For better or worse the producers of Insidious are back with another supernatural offering that pitches Ethan Hawke against snakes, malevolent forces and his own sanity. Very much a film of two halves, Insidious started strongly with a steady stream of tension that tingled the spine. The dreamlike finale was inexplicably daft and the loss of genuine chills was unforgivable, but it tasted just fine providing you like your suspense washed down with a side order of silly.
Sinister sets out to rectify that problem and largely succeeds, replacing camp pantomime villainy with genuine creepiness while largely ignoring the much favoured jump tactics of recent Hollywood fare. Ethan Hawke brings meaty realism to the role of Ellison, a true-crime writer who finds a cache of 8mm snuff films which suggest the murder he’s researching is the work of a serial killer whose career dates back to the 1960s. He moves his unsuspecting family into the home of the murdered family and – unsurprisingly – it’s not long before the screaming starts.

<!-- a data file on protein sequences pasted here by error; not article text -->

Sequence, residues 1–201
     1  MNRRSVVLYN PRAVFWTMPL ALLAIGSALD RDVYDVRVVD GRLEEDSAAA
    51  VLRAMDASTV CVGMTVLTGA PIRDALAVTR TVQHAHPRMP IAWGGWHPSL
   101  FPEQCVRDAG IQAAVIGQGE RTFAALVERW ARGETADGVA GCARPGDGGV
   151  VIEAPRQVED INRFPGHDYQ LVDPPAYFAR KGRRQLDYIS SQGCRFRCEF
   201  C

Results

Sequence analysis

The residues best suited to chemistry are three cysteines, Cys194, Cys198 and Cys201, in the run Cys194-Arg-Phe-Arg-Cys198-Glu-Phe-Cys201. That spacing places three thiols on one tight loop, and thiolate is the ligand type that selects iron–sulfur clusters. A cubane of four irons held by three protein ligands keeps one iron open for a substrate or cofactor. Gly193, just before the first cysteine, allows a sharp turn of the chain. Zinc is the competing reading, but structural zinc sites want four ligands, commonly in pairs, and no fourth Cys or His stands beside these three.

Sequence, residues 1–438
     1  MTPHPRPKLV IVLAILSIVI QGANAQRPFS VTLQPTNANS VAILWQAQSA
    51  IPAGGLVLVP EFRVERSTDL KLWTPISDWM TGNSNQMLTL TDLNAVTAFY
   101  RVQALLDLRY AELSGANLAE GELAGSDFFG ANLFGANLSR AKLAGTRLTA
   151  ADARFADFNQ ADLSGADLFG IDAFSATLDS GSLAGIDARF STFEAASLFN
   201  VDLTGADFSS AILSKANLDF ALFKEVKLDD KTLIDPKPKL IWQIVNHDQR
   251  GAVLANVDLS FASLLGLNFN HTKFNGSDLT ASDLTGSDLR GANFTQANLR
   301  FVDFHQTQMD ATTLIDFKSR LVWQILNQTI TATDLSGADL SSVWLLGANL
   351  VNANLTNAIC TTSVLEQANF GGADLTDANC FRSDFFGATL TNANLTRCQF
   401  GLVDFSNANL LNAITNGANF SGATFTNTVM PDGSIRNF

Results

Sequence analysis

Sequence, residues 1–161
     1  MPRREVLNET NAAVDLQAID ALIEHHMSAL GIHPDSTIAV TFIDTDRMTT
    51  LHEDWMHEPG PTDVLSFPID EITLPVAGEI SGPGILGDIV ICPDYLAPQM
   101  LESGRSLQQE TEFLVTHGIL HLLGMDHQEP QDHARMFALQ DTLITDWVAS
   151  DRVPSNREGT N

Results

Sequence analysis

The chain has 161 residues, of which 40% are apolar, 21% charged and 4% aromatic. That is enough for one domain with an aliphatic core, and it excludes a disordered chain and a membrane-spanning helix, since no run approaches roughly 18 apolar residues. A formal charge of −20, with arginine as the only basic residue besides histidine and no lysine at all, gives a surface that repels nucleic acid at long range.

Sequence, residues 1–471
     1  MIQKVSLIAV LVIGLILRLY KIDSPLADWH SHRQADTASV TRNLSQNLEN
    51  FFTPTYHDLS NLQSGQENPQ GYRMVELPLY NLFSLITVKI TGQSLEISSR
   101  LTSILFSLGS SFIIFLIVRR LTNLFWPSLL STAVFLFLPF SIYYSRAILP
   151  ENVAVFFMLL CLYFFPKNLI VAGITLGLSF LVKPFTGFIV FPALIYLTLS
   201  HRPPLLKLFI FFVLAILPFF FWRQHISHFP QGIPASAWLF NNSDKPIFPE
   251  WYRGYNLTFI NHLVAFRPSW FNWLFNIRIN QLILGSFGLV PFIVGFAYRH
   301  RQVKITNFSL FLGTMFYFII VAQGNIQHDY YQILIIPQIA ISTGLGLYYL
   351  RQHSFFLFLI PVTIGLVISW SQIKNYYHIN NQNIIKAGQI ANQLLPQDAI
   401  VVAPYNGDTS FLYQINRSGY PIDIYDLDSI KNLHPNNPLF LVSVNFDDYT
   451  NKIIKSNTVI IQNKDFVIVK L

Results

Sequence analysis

The home movies at the heart of the story are genuinely unnerving, as is the shadowy figure looking on from the darkness, and Derrickson (The Exorcism of Emily Rose) doesn’t cheapen the mood by overindulging in booming bass lines and frantic jump cuts. There are a few good scares along the way and the mystery elements keep the film from straying off course. Strong performances from the cast don’t hurt, of course, and a welcome dose of dark humour keeps the film from becoming too bleak.
Absurdity does perhaps rear its ugly head in the final act but that very much depends upon your take on the supernatural, and whether or not you’re willing to go along for the ride. Sinister is too polished and too familiar to make a lasting impression but there’s enough here to provide a nerve tingling – if not entirely memorable – night in. AW